New York, NY, 10019

Admission - $15 each day, with student ID - Free
Pre-purchase a weekend pass online and save $5 or register for a complimentary pass for Sunday, March 10 - http://bit.ly/NYCBook19.    

Image: Sappho the Poetess of Old Greece, circa 1928. William Mortensen (1897 - 1965, American) Bromide Print with Pencil.

 

Astonomical almanac cat 16-b-ti01101246 copy.jpgThousands of years before books were contained within a hand-held technological tablet or phone, there were cuneiform tablets no bigger than the size of a quarter. On view from March 5 through May 19, 2019 in the second floor gallery of the Grolier Club are 275 rare diminutive texts and bindings from around the world that have been created over the span of 4,500 years.  Size matters:  these tiny tomes range in size from a maximum of four inches to less than one millimeter. Drawn from the collection of Patricia J. Pistner, the exhibition represents the history of the book in miniature form.

A Matter of Size: Miniature Bindings & Texts from the Collection of Patricia J. Pistner includes cuneiform tablets and other antiquities, medieval manuscripts and early printed materials, books and bindings by women, imprints of Benjamin Franklin and Abraham Lincoln, as well as contemporary design bindings and artists’ books.

The exhibition is selected and organized by Pistner, along with Jan Storm van Leeuwen, former keeper of rare bindings at the Royal Library in The Hague and winner of the ILAB Breslauer Prize for Bibliography for his important study, Dutch Decorated Binding in the 18th Century.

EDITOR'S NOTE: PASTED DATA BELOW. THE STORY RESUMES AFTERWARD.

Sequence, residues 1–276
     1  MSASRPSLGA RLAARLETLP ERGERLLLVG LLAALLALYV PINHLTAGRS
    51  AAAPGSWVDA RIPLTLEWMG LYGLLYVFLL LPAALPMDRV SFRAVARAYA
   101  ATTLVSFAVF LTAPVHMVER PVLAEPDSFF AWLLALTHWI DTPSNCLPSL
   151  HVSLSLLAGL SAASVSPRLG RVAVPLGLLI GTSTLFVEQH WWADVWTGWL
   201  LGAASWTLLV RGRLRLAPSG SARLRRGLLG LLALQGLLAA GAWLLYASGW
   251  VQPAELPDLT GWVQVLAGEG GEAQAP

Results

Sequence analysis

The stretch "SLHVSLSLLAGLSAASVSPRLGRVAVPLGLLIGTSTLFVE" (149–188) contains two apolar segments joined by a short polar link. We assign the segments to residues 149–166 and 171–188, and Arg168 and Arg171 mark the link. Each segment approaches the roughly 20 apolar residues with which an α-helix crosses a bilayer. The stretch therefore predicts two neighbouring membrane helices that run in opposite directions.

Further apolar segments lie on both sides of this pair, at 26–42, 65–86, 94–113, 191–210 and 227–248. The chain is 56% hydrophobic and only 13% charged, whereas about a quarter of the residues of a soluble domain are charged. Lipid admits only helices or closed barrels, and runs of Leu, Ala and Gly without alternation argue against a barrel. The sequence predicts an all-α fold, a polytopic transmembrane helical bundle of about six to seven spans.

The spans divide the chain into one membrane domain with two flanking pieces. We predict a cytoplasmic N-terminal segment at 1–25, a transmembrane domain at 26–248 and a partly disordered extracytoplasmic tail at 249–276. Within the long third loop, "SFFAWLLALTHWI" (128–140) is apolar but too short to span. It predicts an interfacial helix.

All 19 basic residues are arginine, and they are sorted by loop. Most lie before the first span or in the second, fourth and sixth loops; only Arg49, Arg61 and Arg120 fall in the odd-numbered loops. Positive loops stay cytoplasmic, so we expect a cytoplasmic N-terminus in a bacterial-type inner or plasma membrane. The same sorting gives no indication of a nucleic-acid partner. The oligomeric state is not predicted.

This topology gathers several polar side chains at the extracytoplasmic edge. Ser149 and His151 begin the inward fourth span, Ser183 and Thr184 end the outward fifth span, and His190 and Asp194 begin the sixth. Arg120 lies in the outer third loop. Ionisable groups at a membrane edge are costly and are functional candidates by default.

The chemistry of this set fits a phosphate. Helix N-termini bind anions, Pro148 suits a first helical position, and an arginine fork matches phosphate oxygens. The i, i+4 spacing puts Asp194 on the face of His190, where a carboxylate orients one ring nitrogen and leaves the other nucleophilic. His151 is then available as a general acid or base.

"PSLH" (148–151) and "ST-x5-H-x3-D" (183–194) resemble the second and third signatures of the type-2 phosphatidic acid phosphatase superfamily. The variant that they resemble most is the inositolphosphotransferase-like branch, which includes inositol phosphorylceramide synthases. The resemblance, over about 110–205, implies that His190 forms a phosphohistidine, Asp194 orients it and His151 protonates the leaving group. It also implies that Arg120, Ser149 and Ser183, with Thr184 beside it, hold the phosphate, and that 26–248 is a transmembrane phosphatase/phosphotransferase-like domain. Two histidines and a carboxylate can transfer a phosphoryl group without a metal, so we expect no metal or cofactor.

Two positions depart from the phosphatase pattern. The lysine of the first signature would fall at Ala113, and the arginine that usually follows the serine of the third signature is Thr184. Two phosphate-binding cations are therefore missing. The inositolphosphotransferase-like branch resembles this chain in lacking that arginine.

A collector of miniature books for over thirty years, Pistner’s love for very small tomes began at the age of seven when she began “publishing” tiny books for her first doll’s house.  As an adult, her passion was reignited after being inspired to fill the small library shelves of the miniature French townhouse she had commissioned. 

“The plan to fill that library with real, readable, printed miniature books led to assembling the most aesthetically compelling, representative samples of the history of the book in the smallest formats,” says Pistner. “My hope is that fellow bibliophiles find tomes here that spark their interest and lead to an increased interest in and respect for the format.” 

Highlights include: 

  • Cuneiform Tablets and other examples of ancient texts dating from 2500 BCE. 
  • Hyakumantō-daraniNara, Japan: c. 764-770 CE. Among the oldest block printed texts, housed in its original wooden pagoda. 
  • Almanac, written in the style of Nuremberg writing masters, Diocese of Bamberg, c. 1450. Illustrated manuscript on vellum, with seven colorful astronomical and astrological circular diagrams, one with a multi-colored patterned centerpiece, with a pinhole for a volvelle. 
  • Septem Psalmi poenitentiales, cum alijs multis devotissimo orationibus. Ac Kalendario Gregoriano. Venetiis: Nicolaus Misserinus, 1593. Measuring a mere 2.4” tall, this binding has rock crystal covers painted in reverse in the verre églomisé depicting St. Francis receiving the stigmata and the Adoration of the Magi. 
  • Enchiridion p[re]clare ecclesie Sarum …. [Book of Hours, Use of Salisbury]. Paris: Widow Thielman Kerver, 1528. Printed by Yolande Bonhomme, the only female printer in Paris and daughter of the famous printer and bookseller, Pasquier Bonhomme. This elaborate mosaic binding by Lortic was done in the 19th century for Charles-Louis de Bourbon (bookplate). The book is in Latin but the captions are in English.